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The Jewish Tribune of Bombay, commenting on the decision of the Rangoon court that the Bene Israel ites in India are Jews, writes:

The case has been going on for about two years and litigation has involved considerable expenditure. It has a unique origin, unparalleled in the history of the Jews. The Bene Israelites had been enjoying for some time the right of franchise in the election of trustees of the synagogue. On the eve of fresh elections, the retiring trustees peremptorily removed the names of the Bene Israelites from the list of those who were entitled to vote on the grounds that they were not Jews. As a result, legal proceedings were instituted by certain Bene Israelites against the trustees who refused to recognize them as Jews and who took measures to deprive them of the privileges and amentiess enjoyed in the synagogue by other members of the Jewish community in Rangoon. The trustees lead evidence to show that the Bene Israelites could not be considered or classified as Jews, since they alleged that they did not observe certain Jewish laws—the laws of yibboom and halissa. The Bene Israelites made an equally strong case for themselves. It is interesting to note that evidence was given in their favor by a former trustee, A. J. Cohen, and J. E. Joshua, both of whom are unconnected with the Bene Israelites.

This was considered a test case of far-reaching value and was followed with very close interest by the Jewish communities all over India. It has been an important victory for the Bene Israelites who have been vindicated and can now claim to have a legal status as Jews.


The Jewish Veteran, in its editorial on Memorial Day, says:

Each post has an important duty to perform on Memorial Day. To give a thought to those of our buddies who gave their all and are no longer with us. Each post should have a list of Jewish veterans of their city who died during or since the war, and where they are buried. It is your duty to see that each grave is kept in good order, and that a marker decorates it. Especial care should be given each grave before Memorial Day and a new American flag placed thereon. On Memorial Day, appropriate services should be held at the cemetery. It is further fitting that special memorial services be held on a Friday evening or Saturday or Sunday morning at a temple or synagogue. At the temple and cemetery services, the families of all deceased veterans and other veteran organizations should be invited. Such is the least tribute we can pay to our depared comrades and their families.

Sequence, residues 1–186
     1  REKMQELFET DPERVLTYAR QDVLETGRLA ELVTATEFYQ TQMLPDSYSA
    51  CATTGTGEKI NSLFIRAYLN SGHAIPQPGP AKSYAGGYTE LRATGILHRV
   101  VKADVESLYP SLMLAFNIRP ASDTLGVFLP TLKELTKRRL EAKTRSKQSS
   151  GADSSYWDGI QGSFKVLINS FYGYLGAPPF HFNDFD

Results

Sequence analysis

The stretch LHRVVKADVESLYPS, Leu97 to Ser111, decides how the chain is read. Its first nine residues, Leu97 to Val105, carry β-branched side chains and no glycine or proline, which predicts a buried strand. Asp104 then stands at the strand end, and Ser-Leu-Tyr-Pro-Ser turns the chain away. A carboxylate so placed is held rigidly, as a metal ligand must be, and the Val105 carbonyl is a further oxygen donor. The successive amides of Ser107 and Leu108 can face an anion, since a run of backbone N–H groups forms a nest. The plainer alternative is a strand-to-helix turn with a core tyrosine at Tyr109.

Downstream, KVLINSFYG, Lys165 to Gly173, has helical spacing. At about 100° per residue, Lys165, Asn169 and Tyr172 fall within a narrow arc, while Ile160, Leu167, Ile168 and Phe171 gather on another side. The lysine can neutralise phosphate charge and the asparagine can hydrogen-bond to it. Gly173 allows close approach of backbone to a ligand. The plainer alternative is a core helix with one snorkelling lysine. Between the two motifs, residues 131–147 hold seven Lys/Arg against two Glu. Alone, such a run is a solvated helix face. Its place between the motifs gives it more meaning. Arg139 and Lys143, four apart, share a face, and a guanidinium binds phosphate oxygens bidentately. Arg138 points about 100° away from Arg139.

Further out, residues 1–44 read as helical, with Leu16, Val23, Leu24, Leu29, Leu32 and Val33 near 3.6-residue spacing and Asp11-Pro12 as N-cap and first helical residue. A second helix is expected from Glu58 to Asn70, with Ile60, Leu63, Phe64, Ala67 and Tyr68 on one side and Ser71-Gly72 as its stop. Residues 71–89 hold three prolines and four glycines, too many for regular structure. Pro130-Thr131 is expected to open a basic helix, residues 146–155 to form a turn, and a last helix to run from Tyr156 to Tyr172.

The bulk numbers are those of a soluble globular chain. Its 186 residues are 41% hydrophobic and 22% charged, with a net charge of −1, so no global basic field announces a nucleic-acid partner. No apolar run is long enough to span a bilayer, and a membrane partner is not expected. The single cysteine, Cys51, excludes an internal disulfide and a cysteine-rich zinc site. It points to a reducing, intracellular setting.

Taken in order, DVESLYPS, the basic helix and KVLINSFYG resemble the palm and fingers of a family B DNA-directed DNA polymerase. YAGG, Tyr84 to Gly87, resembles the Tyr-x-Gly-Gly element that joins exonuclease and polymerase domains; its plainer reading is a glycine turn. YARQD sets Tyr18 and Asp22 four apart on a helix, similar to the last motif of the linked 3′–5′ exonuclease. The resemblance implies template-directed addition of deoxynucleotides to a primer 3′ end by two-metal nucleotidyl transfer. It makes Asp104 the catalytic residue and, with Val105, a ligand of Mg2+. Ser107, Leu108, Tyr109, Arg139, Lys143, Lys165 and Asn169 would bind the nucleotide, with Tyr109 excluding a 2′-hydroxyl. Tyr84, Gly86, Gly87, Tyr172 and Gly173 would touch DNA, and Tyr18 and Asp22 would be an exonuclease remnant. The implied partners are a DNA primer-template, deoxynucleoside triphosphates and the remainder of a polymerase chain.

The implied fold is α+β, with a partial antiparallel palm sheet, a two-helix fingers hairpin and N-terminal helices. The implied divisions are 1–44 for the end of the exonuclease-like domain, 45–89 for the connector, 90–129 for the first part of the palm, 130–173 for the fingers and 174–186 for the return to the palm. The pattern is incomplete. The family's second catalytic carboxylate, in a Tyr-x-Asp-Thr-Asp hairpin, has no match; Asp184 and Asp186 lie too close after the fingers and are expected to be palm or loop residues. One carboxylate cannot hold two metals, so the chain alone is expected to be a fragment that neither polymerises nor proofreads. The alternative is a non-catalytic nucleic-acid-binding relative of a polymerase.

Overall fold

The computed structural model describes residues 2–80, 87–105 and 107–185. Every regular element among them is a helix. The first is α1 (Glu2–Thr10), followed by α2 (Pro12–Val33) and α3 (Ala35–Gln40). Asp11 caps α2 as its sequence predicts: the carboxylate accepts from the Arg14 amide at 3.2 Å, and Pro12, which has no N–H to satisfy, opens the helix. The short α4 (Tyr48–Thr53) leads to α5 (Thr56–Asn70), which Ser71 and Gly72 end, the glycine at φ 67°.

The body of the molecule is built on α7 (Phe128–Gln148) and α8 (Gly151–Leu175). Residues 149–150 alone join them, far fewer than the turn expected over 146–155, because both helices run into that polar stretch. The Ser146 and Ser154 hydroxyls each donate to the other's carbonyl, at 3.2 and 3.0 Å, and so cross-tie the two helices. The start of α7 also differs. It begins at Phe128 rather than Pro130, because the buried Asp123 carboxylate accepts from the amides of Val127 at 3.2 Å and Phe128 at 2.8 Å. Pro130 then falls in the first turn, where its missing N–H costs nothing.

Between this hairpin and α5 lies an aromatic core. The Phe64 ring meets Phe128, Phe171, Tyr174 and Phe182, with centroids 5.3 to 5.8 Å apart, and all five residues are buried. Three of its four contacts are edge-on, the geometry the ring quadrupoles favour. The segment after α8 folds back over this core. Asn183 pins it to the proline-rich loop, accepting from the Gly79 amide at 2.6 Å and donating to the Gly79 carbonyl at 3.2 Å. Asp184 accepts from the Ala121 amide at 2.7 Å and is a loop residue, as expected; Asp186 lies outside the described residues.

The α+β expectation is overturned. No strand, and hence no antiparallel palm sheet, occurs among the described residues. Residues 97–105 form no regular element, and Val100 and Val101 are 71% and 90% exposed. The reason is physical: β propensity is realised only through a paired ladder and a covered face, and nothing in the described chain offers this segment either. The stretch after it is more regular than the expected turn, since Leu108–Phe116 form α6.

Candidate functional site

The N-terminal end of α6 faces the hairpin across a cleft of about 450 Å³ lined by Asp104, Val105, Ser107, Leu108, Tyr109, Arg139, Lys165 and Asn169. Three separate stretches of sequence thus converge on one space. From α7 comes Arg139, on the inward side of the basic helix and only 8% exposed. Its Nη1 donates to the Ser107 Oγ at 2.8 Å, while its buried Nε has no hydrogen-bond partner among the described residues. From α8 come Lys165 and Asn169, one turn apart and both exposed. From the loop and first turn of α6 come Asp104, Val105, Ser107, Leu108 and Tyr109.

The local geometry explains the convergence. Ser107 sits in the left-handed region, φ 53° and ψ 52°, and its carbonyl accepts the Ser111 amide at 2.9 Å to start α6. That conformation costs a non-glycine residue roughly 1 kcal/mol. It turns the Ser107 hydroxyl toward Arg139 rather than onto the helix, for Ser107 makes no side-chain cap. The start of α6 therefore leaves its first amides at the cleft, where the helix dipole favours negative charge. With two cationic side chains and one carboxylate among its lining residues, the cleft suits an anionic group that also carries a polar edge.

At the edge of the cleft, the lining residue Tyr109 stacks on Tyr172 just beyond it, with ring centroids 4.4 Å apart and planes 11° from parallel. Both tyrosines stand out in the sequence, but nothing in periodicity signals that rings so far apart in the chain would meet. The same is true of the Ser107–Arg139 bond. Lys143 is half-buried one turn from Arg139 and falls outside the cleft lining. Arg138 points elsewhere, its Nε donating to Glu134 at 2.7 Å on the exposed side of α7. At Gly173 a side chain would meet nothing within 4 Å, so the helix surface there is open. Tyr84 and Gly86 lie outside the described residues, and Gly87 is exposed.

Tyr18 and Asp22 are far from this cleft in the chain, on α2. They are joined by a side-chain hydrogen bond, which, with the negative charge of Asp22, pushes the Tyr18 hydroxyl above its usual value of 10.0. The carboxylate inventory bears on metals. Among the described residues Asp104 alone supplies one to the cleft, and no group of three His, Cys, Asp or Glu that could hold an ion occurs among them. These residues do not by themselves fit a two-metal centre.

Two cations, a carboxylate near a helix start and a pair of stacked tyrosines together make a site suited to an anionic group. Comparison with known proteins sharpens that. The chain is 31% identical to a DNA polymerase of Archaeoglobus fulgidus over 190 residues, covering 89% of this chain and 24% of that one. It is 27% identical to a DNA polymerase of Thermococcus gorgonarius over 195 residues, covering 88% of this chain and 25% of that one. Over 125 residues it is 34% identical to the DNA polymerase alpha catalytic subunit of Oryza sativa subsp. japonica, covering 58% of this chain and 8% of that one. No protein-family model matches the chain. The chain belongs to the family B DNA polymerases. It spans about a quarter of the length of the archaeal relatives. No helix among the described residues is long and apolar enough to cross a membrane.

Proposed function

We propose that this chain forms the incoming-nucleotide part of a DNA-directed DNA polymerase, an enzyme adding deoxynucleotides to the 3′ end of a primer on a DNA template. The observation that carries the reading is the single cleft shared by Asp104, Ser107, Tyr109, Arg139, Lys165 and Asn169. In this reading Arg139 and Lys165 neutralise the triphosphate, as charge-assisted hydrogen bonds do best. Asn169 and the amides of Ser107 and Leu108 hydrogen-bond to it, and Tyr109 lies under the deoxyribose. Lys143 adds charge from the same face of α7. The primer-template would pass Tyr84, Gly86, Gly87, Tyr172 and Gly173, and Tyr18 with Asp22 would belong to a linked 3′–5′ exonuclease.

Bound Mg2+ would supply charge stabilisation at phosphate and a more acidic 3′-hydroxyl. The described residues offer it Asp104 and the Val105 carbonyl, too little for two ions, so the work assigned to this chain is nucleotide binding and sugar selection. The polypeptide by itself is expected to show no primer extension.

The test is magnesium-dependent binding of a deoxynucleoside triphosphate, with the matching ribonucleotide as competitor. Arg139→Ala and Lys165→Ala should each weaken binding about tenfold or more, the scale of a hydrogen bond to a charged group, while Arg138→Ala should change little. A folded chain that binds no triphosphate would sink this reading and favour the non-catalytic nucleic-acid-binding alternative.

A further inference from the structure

The Economist of London, commenting on the expected new citizenship law in Germany, says:

The new law of citizenship is to divide German nationals into the two categories of citizens and subjects. Henceforth it is only the status of a subject that is to be acquired automatically by birth. Citizenship is to be a precious and hard-won privilege to be conferred by the State on condition of an oath of personal loyalty to the Fuehrer; and this status will be difficult, or even impossible, to acquire for those German subjects who are either Jews or non-German “Aryans” (e.g. Danes, Poles, Lithuanians) or German “Aryan” non-Nazis. In fact, the citizen of the German Reich will be a member of a dominant minority, like the party member in Russia and Italy. This is not democracy, and the Nazis would not wish it to be. But it is not racialism either. In future, race without grace will profit “Nordic” man nothing. It seems that Homo Nordicus is no longer quite the man he was!

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